Ebola in Liberia: Where are the Africans?

CBS’s Lara Logan recently traveled to Liberia to report from the Ebola hot zone. But her reporting is now being held up as a lesson to others on how not to report on a disaster in a foreign country.

The South African born journalist managed to capture some rare footage of an American-run hospital outside the capital Monrovia. She spoke to doctors and nurses, and illuminating the conditions under which staff to work in order to save life.

Curiously though, Logan failed to interview any Liberians on camera, be it patient, volunteer or doctor.

Let that sink in for a moment. This is a story about Ebola in Liberia – one of the three hardest hit countries in West Africa – and there is isn’t a single Liberian featured in her report.

Veteran Africa correspondent Howard French first recognised the report as pitiful balderdash, and went on to post a very lively rant lambasting Logan and the 60 minutes team for their naughty mistake.

“There’s a large literature of what’s meant by Africa w/out Africans. Common examples come from journalism that quotes just diplomats + aid workers + foreign experts of one kind of another. Usually, they’ll throw in a quote from a taxi driver or an anonymous market worker to cover their, you know…” French wrote.

Obviously, speaking to the local folk and getting them on camera was too hard for Logan and her team, who tried their darndest to make the story as much about American philanthropy as they possibly could.

As French puts it:

The video is still worth a watch. If not for the Ebola, it will help explain how so many western journalists view the continent (read: as one big backdrop)

PS: Mute Logan while watching the video for more satisfying viewing.

  1. Effectively Anonymous says

    Why didn’t you not mention the media blackout in Liberia?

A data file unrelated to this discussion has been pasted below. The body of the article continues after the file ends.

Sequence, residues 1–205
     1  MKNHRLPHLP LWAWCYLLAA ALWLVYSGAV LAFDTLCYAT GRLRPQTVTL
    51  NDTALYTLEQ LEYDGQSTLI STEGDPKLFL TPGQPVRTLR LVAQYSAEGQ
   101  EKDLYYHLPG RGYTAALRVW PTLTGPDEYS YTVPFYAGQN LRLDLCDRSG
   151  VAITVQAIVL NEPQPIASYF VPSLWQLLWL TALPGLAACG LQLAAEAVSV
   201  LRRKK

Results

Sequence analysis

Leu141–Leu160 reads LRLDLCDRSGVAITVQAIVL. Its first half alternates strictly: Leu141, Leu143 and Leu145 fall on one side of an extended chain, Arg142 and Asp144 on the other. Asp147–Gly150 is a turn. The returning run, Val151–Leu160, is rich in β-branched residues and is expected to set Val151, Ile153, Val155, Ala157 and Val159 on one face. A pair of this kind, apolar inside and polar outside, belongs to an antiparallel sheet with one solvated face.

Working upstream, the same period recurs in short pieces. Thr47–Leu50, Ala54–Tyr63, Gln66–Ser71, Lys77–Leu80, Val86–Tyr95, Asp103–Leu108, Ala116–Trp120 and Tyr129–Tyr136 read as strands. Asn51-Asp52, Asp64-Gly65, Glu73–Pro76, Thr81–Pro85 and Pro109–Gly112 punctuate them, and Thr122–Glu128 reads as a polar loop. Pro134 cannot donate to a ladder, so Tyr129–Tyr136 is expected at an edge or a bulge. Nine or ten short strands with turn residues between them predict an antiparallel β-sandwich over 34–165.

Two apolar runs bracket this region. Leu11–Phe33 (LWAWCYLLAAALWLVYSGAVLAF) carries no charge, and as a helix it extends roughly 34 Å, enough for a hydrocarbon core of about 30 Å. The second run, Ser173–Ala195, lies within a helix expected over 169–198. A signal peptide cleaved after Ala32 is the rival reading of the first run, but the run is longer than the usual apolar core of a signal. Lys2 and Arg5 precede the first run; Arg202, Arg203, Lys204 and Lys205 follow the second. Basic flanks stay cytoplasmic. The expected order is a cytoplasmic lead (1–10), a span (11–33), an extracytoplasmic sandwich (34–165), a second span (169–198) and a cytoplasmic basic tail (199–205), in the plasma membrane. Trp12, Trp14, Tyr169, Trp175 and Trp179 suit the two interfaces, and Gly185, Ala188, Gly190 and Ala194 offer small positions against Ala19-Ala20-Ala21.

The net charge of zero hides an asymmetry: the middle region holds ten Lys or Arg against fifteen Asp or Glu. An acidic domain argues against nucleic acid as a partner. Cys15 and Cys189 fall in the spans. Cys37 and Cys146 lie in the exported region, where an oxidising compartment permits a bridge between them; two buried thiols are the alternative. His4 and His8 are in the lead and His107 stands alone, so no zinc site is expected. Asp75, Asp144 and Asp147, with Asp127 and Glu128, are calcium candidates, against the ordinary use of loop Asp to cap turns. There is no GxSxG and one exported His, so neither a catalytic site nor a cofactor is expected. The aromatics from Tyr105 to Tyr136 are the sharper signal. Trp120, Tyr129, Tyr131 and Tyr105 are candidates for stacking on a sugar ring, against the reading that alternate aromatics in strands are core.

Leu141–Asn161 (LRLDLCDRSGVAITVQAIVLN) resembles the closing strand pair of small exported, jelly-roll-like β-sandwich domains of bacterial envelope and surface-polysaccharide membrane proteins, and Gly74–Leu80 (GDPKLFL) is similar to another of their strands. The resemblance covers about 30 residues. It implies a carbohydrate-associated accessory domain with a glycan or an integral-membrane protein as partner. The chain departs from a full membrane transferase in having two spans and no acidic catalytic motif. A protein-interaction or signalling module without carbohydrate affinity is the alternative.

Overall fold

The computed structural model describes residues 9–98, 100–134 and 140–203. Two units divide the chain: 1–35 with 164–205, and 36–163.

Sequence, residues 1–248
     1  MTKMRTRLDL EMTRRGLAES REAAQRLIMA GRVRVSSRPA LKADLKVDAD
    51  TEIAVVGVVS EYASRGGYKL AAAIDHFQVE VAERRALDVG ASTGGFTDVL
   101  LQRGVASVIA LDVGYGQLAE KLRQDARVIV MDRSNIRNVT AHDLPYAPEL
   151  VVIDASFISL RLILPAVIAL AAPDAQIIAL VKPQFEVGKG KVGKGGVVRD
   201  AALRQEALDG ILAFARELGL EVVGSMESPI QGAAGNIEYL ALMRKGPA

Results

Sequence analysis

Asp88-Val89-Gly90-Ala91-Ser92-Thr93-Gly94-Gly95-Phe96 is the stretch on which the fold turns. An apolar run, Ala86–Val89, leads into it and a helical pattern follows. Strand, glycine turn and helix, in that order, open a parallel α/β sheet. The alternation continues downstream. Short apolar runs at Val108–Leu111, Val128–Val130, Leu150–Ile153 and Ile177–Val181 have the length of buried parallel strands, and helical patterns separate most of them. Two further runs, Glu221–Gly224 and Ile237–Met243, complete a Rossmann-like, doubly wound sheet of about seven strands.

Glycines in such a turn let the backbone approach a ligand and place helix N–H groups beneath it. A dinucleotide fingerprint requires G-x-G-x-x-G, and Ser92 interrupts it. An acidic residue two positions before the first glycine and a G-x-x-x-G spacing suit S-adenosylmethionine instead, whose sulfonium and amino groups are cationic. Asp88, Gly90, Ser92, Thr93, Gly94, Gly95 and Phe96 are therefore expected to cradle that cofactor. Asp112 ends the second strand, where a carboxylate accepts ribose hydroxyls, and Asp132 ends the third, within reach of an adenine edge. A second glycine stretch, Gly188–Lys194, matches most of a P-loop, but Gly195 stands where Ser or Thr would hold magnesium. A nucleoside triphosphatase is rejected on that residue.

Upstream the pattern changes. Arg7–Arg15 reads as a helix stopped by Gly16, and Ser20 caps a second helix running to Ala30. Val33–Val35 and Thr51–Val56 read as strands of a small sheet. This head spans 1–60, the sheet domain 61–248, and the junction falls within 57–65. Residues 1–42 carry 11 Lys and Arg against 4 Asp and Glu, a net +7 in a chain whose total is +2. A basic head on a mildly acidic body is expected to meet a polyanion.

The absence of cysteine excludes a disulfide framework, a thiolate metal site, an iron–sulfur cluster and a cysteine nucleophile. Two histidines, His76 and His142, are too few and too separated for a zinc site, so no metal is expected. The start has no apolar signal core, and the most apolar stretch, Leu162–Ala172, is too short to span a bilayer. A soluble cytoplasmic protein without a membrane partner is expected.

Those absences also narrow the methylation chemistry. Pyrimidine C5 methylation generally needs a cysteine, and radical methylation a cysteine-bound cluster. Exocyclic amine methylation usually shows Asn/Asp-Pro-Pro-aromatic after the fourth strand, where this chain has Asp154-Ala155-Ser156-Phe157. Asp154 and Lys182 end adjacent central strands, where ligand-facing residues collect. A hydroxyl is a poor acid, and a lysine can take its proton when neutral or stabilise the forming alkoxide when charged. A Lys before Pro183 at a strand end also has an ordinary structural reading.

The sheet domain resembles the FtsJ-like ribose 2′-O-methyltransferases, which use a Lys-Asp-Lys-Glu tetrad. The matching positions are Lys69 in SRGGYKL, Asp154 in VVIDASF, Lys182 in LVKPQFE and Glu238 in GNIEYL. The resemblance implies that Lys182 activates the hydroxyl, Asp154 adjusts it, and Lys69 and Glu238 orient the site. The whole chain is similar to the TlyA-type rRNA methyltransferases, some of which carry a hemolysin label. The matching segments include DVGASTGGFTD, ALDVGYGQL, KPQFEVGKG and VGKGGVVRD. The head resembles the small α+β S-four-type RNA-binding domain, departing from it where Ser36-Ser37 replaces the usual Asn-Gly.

Answer: because crying ‘racism’ is far easier than actually taking action to fix your own problems. Shame on you for pretending to be a reporter and withholding information critical to the full story. Shame on you.

    You should be working on getting rid of your over-abundance of corrupt leaders, because it is your BLACK countrymen who are most holding you all back.

    Like the dipshit “Professor” in Sierra Leone who wants NGOs to report to the government where their money is going. That’s MY money, not that corrupt Marxist’s money. You let ME worry about how MY money is being spent. I gave it to NGOs specifically because I can’t trust Africans to help Africans.

    Let that sink in for a moment, then go fix your countries. While you’re at it, stop complaining about the people trying to help you, it’s disgusting.

    1. AssociateEd says

      thanks for your comment. Very insightful.

    2. Goolam Dawood says

      What Media Blackout? Doesn’t the United States scrutinize the worlds finances against “terror”, blocking and inspecting NGO’s all the time? Don’t Africans have a say about where money they receive should get spent?

      BTW, as for YOUR money, what I think Africans are effectively saying is, keep your money and return the net loss of 20 million people kidnapped and enslaved, and we’ll call it even.

      Maybe you should let the truth sink in before you get on your midget high horse before start speaking about it, rather than parroting your usual war-crime-justifying fascist imperialist dogma. Let that sink in.

  2. Goolam Dawood says


    Journalism in the United States finally succumbed to it’s multiple injuries by the American-Industrial complex, and died shortly before the illegal invasion of Iraq.

  3. […] The Ebola crisis was never really real and always under control. But for some reason, it was hugely mischaracterized by the United States government, and media. A PR opportunity. […]

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